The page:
OSHA Heat Safety Tool:  Download the App

​USA Football's Heads Up Safety:  Download the App

Parent Supplied Equipment

Parents need to ensure their player has an athletic supporter (cup), cleats, socks, mouthpiece and a water bottle to bring at every practice and game.
   The team will provide everything else essential to playing football.

Having said that, there are many times where a parent or player may opt to acquire additional gear.  The following is advice in case you decide to do so - remember, this is not required....


You must play an active role in observing for signs of exhaustion or attitude change in your player.  The first week of practice is typically an acclimation week so you should expect your player to be extra tired, thirsty or hungry but coaches should be made aware of any elevated occurrences of headaches, dizziness, and sensitivity. Remember that these players are young, may not be able to articulate specifics and may state something similar to “I don’t feel right.”  You know your own kids better than anyone else, please don’t hesitate to speak with your coaches regardless of how minor a report of discomfort may seem.

Hydration – it is very important that your player not only drink fluids while at practice but prior and after practice too.  If they are not excited about drinking water sometimes the flavor of a sports drink is what does the trick.  And don’t worry; they’ll sweat it all out during practice!  Healthy Meals - we can't emphasize this enough: players need to eat a healthy meal in the day time especially at school.

We recommend that players wear some sort of shirt under their shoulder pads during practice and games.  What's common are sport "performance" shirts which are relatively inexpensive, breathe well, dry quickly, and can be found at many retailers such as Dick's Sporting Goods, Target, Walmart, and Big5.  Another type of performance apparel are padded compression wear (illustrated in the sample picture above) that supplement the protective equipment issued by the team.  Padded shirts are especially popular, gloves are favored by receivers and running backs, but be sure to consult with your head coach before you acquire padded compression shorts that would replace the team issued integrated football pants during games.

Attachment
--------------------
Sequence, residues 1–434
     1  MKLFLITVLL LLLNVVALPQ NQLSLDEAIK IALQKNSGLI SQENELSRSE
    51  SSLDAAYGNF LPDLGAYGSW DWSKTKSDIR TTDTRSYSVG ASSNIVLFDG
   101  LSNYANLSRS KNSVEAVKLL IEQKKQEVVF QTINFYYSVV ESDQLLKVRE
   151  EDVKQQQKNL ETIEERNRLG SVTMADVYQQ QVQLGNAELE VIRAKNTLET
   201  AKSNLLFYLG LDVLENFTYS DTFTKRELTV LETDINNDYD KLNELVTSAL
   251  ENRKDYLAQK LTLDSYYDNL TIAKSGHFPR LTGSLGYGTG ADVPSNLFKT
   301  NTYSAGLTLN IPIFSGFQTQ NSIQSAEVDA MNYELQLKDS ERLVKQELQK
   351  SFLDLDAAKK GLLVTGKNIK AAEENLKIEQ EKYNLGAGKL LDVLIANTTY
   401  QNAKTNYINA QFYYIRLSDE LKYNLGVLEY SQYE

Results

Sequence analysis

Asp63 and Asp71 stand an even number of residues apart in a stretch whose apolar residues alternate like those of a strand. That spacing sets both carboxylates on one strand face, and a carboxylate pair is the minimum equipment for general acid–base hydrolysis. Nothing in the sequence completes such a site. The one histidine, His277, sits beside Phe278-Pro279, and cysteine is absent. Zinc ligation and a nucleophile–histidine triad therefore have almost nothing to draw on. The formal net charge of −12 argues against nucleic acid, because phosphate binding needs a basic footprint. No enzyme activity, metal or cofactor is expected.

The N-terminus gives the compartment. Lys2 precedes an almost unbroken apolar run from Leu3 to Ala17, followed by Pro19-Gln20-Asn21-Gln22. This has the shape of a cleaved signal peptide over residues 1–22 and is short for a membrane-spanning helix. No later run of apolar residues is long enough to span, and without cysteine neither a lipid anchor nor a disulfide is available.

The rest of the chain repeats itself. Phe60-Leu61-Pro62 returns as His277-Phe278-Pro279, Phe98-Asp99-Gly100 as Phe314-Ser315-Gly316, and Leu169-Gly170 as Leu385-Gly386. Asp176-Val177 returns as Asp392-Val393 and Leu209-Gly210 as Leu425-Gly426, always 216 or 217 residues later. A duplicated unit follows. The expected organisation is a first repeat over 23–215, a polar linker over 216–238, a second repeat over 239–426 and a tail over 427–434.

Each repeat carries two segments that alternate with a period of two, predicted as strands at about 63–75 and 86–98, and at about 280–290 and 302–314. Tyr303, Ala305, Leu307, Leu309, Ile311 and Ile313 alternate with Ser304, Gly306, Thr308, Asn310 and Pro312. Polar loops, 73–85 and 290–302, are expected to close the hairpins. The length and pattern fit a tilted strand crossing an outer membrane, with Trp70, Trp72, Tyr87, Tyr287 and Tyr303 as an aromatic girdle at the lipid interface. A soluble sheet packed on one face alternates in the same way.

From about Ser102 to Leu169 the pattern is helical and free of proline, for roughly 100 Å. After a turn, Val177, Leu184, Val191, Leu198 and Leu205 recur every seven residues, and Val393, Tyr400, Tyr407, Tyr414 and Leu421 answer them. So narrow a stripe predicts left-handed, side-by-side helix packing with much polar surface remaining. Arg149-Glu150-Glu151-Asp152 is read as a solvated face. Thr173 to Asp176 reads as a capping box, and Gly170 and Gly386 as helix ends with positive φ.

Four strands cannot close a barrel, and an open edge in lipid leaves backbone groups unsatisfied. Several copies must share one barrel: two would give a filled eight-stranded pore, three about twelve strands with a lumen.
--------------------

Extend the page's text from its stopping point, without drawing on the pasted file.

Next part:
Stay Connected

Our youth sports community is very well connected and we have partnered with organizations like USAFootball, the Center for Disease Control (CDC), Pop Warner, and other local agencies to deliver football fundamentals and safety resources to your fingertips.  While you're sitting at practice or taking a break from work, download these helpful apps and educate yourself on football safety!

Another non-required accessory is the eye shield similar to the one pictured to the right.  Popular among players at every level, these items can trap heat inside the helmet and I do not recommend their use during conditioning week and hot days when players are getting acclimated to the gear and weather.  If a player does decide to wear a eye shield it must be clear (no colors or tinting) and not have designs imprinted on it.

Team Issued Gear

Our coaches will do a terrific job at fitting your young footballer with the appropriate size helmets, shoulder pads and practice apparel that is an essential part of player safety.  That job will continue throughout the season but we need your help!  If your player mentions that a piece of equipment doesn’t fit right, something is loose or too tight, please let your coaches know immediately via email prior to attending practice so that we resolve the matter before we take the field.  Watch the first two videos to see how you check your player's equipment for proper fit and then the third to learn how to help your player adjust shoulder pad straps...